Phillip J Pannier

WASHBURN, IL, USA U.S. Army SPC, COMPANY A, 2D BATTALION, 327TH INFANTRY, FORT CAMPBELL, KY SAMARRA, IRAQ 01/08/2008


The Washburn family of a U.S. Army soldier killed in combat Tuesday in Iraq – a former Roanoke-Benson High School student – is waiting for more information about his death and the return of his body.


Private First Class Phillip Pannier, 20, an infantryman with the 101st Airborne Division, was killed at 10 a.m. Tuesday in Samarra, Iraq, along with two other members of his infantry unit, said his father, Donald Pannier and the Department of Defense.


“We know nothing except that he was killed by enemy fire,” said his mother, Robyn.


She said two of her son’s friends also were killed and two others were injured, one critically.


The death is the second involving a son of the Panniers in the past year. Their son, Dale, who was older than Phillip, died in a traffic accident. He, too, was in the military, but was a civilian at the time of his death.


Three of Phillip’s good friends, Dan Ransom, Cliff Oltman and Jake Washer, visited the family Thursday. Oltman spoke for all three in saying how they feel.


“He was a great friend and an even better person,” Oltman said. “He would do anything for you. The good times we had together will never be forgotten; he’ll always be in our hearts. We’ll always love him and think about him.”


Pannier volunteered for the Army shortly after graduating from Roanoke-Benson, where he played football and soccer, in 2006. Although the family’s address is rural Washburn, they lived north of Roanoke. Flags flew at half-staff Thursday outside the high school in Pannier’s honor.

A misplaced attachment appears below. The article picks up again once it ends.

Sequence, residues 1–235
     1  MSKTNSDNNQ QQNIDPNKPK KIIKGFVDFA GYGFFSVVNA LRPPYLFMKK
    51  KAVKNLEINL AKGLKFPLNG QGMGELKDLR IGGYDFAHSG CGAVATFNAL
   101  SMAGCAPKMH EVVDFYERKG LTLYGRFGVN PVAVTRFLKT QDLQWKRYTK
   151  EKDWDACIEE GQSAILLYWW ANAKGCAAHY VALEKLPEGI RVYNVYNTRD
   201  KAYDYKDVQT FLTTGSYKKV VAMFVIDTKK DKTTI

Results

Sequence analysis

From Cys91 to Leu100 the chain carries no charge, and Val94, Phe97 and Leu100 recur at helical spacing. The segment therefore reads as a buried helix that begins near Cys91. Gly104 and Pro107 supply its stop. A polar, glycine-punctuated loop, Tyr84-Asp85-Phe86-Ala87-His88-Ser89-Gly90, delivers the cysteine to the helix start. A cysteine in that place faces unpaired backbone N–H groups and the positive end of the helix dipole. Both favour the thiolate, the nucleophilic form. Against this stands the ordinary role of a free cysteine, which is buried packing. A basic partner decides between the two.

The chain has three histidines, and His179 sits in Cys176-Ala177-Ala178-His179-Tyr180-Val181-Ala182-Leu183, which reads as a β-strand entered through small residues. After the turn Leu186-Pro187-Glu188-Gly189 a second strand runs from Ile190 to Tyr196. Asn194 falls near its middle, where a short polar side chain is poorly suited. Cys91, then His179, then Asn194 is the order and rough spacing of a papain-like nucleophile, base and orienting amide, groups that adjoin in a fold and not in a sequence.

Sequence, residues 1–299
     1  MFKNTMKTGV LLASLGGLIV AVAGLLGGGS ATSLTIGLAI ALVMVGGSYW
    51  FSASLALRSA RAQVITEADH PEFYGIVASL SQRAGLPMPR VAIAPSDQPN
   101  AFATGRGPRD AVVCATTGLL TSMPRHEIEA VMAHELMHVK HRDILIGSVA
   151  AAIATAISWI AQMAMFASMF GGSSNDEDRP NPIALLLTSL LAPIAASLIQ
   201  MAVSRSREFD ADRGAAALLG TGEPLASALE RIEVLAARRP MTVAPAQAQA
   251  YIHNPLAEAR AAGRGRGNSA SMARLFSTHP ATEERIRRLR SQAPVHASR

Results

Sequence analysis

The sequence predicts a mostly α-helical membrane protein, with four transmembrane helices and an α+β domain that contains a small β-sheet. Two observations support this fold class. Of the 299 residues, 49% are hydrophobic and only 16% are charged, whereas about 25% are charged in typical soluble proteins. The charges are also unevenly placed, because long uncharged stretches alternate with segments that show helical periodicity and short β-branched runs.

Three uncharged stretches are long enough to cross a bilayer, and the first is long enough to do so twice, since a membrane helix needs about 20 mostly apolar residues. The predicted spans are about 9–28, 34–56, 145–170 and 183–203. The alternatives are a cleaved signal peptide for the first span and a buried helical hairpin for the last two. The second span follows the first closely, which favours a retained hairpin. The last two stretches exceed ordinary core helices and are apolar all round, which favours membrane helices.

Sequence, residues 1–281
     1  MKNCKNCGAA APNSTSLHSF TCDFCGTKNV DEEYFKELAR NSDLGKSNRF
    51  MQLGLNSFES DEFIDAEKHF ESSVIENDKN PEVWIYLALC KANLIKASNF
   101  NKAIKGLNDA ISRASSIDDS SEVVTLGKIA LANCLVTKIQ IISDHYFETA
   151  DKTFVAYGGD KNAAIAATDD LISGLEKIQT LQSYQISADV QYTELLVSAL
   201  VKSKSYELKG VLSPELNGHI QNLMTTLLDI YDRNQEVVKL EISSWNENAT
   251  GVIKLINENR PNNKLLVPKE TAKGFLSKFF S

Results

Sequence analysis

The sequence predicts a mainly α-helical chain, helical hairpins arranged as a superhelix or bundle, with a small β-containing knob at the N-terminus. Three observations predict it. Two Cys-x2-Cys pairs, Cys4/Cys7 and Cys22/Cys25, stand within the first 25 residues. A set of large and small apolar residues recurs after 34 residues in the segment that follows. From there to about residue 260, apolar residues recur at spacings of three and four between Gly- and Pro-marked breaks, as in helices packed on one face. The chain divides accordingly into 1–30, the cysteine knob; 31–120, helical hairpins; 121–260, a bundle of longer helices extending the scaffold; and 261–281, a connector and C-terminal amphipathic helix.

“He always wanted to be where the action was,” his father said. “This upset his mother and me, but that’s what he wanted to do.”

After high school, Phillip Pannier decided he didn’t want to go to college, but he was thinking about eventually becoming a police officer, Robyn Pannier said.


“That’s one of the reasons he picked the Army,” said Robyn Pannier, adding he had a sense of determination and direction that was reflected in a MySpace.com biography he posted while still stateside.


He said he preferred being with someone “who knows what they want in life and gets it.”


He left for basic training in July 2006 and later was stationed at Fort Campbell, Ky., before being sent to Iraq in September 2007 for a 15-month deployment.  In high school, Phillip Pannier played soccer for two years and football on the Eureka and Roanoke-Benson co-op team for two years. He also was in band for eight years.


“He was a very good football player,” said Principal Mark Zotz. “The very first football game he ever participated in he led the team in tackles, with three. So he did well right from the beginning.”


He also was interested in auto mechanics and participated in 4-H and FFA, raising sheep on the family farm for projects in both organizations.


Phillip’s portrait is also located on Poster 7